First off, Boeing does not market a product that competes with the CS100 ordered by Delta. Without competition, there cannot be any complaint of "dumping" or market dominance.

Second, people continue to say that Canada subsidized Bombardier. Fact is, Quebec made a loan to Bombardier, that must be paid back. Fact is that Canada invested in the company, and those shares have value which must be paid on demand should the Government want to close that investment. On the other hand, Boeing received subsidies from the State of Washington and more which never have to be paid back, they were a gift.

There is no case here. There is no excuse for Boeing to bring this action against Bombardier.
Roger Curtiss 6
There does seem to be a disconnect here. Boeing claims the C-Series could affect 737-7 sales and yet it never bid that aircraft for the Delta sale-so how could that have made a difference?
I am surprised the Commerce Dept. finds merit in the claim...and I am a Boeing shareholder

If this claim prevails it will be ashortsighted win for Boeing. They will lose (at a minimum) F-18 sales to Canada along with increased animosity from European customers and industries that deal with Bombardier.
Dan Chiasson 7
IMHO, this is but a testosterone play by Boeing. Reeks of Trumpism or at the very least Boeing taking advantage of the current "USA Fist" doctrine. My guess is that when Trump fades into the sunset, Boeing will suddenly be more receptive to reality. Hypocritical but the reality of big US business. On the other side of the coin, I hope / suspect that European providers will be rushing to address the recoil to this Boeing approach. Perhaps Boeing's commercial arm is disconnected from its military arm. Big gamble on Boeing's part! I can say that the Canadian gov't and general population clearly distrust Boeing / US. With the Cdn military making overtures to purchasing used F-18s from Australia, a clear message is being sent. Let's see where this plays out.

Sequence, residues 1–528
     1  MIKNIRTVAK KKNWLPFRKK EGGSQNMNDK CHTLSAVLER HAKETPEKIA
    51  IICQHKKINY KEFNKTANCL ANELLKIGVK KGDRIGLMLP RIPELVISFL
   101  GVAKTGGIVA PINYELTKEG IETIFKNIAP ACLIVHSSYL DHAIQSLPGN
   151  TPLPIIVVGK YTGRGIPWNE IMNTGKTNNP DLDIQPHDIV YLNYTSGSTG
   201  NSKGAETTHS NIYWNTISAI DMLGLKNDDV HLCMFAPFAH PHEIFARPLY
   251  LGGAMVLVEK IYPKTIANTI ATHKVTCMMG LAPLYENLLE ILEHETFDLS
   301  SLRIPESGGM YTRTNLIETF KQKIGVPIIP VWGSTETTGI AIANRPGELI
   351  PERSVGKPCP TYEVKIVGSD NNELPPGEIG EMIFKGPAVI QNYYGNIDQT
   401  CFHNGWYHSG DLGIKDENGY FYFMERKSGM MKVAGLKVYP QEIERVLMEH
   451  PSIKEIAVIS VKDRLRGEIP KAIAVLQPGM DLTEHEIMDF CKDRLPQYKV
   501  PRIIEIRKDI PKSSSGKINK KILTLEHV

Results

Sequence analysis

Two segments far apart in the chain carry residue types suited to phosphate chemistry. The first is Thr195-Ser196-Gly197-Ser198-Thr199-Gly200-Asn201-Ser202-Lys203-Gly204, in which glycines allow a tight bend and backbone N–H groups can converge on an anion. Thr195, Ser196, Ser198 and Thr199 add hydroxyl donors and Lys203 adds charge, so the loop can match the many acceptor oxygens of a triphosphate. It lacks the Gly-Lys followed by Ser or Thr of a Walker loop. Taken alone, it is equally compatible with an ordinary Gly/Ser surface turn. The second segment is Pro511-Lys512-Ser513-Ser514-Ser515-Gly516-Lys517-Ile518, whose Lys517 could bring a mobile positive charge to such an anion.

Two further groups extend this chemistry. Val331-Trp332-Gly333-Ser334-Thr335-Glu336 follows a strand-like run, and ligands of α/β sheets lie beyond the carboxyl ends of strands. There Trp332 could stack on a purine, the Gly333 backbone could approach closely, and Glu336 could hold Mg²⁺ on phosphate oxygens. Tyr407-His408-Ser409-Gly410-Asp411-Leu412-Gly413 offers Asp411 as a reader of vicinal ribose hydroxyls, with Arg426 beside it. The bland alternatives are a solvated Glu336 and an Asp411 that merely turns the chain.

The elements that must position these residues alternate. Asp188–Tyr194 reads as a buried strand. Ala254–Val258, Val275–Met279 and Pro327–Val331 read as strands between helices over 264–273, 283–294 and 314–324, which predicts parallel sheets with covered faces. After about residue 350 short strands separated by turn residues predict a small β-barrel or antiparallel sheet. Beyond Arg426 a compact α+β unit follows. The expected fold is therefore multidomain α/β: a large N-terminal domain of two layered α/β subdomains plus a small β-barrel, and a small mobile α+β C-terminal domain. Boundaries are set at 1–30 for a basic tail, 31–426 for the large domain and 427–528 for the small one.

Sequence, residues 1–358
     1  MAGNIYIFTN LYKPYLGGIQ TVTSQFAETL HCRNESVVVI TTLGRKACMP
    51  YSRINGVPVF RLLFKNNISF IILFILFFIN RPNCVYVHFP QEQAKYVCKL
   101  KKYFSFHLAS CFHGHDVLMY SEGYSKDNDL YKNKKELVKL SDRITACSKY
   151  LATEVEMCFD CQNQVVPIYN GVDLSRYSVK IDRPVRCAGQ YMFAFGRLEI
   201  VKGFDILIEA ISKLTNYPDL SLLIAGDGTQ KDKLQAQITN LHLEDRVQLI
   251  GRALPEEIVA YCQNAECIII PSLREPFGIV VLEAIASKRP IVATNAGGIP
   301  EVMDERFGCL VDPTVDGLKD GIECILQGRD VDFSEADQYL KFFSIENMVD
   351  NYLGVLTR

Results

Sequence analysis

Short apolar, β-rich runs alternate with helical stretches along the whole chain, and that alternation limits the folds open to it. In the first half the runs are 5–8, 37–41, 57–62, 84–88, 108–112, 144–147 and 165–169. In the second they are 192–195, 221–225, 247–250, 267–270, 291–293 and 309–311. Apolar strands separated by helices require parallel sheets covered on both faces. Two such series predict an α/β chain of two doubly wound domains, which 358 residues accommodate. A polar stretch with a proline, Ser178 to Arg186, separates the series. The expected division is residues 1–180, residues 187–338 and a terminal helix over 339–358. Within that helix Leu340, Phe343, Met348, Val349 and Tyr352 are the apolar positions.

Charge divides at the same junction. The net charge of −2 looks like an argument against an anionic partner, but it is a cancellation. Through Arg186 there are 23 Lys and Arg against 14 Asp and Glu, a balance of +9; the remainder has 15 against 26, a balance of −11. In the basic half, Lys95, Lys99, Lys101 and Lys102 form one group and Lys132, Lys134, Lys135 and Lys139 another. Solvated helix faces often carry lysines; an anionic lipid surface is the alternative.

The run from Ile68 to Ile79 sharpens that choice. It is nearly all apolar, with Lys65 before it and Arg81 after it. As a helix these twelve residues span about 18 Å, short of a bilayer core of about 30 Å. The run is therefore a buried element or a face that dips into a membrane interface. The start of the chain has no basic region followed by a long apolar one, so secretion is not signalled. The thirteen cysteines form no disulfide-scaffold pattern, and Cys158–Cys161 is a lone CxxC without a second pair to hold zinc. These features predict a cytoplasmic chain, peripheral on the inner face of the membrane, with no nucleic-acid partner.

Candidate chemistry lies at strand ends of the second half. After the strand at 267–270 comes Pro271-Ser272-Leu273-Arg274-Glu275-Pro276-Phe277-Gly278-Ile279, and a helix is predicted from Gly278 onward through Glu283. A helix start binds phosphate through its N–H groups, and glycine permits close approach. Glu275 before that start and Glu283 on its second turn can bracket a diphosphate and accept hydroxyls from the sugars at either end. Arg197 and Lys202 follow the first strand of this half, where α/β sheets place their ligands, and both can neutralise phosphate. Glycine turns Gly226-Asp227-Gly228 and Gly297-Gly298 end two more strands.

mary susan watkins 6
roger..well said..this is part of the new trump economic system,which is (as mr spock used to say on star trek)highly illogical...
Dan Chiasson 4
IMHO, this is but a testosterone play by Boeing. Reeks of Trumpism or at the very least Boeing taking advantage of the current "USA Fist" doctrine. My guess is that when Trump fades into the sunset, Boeing will suddenly be more receptive to reality. Hypocritical but the reality of big US business. On the other side of the coin, I hope / suspect that European providers will be rushing to address the recoil to this Boeing approach. Perhaps Boeing's commercial arm is disconnected from its military arm. Big gamble on Boeing's part! I can say that the Canadian gov't and general population clearly distrust Boeing / US. With the Cdn military making overtures to purchasing used F-18s from Australia, a clear message is being sent. Let's see where this plays out.
Colin Seftel 11
No US airline will pay the import duty. They will set up an offshore subsidiary (if they don't already have one) and lease the planes from it.
Joseph Cooney 5
Nonsense comments like those relating to this action are not enhancing this website or reflecting well on the people making the comments.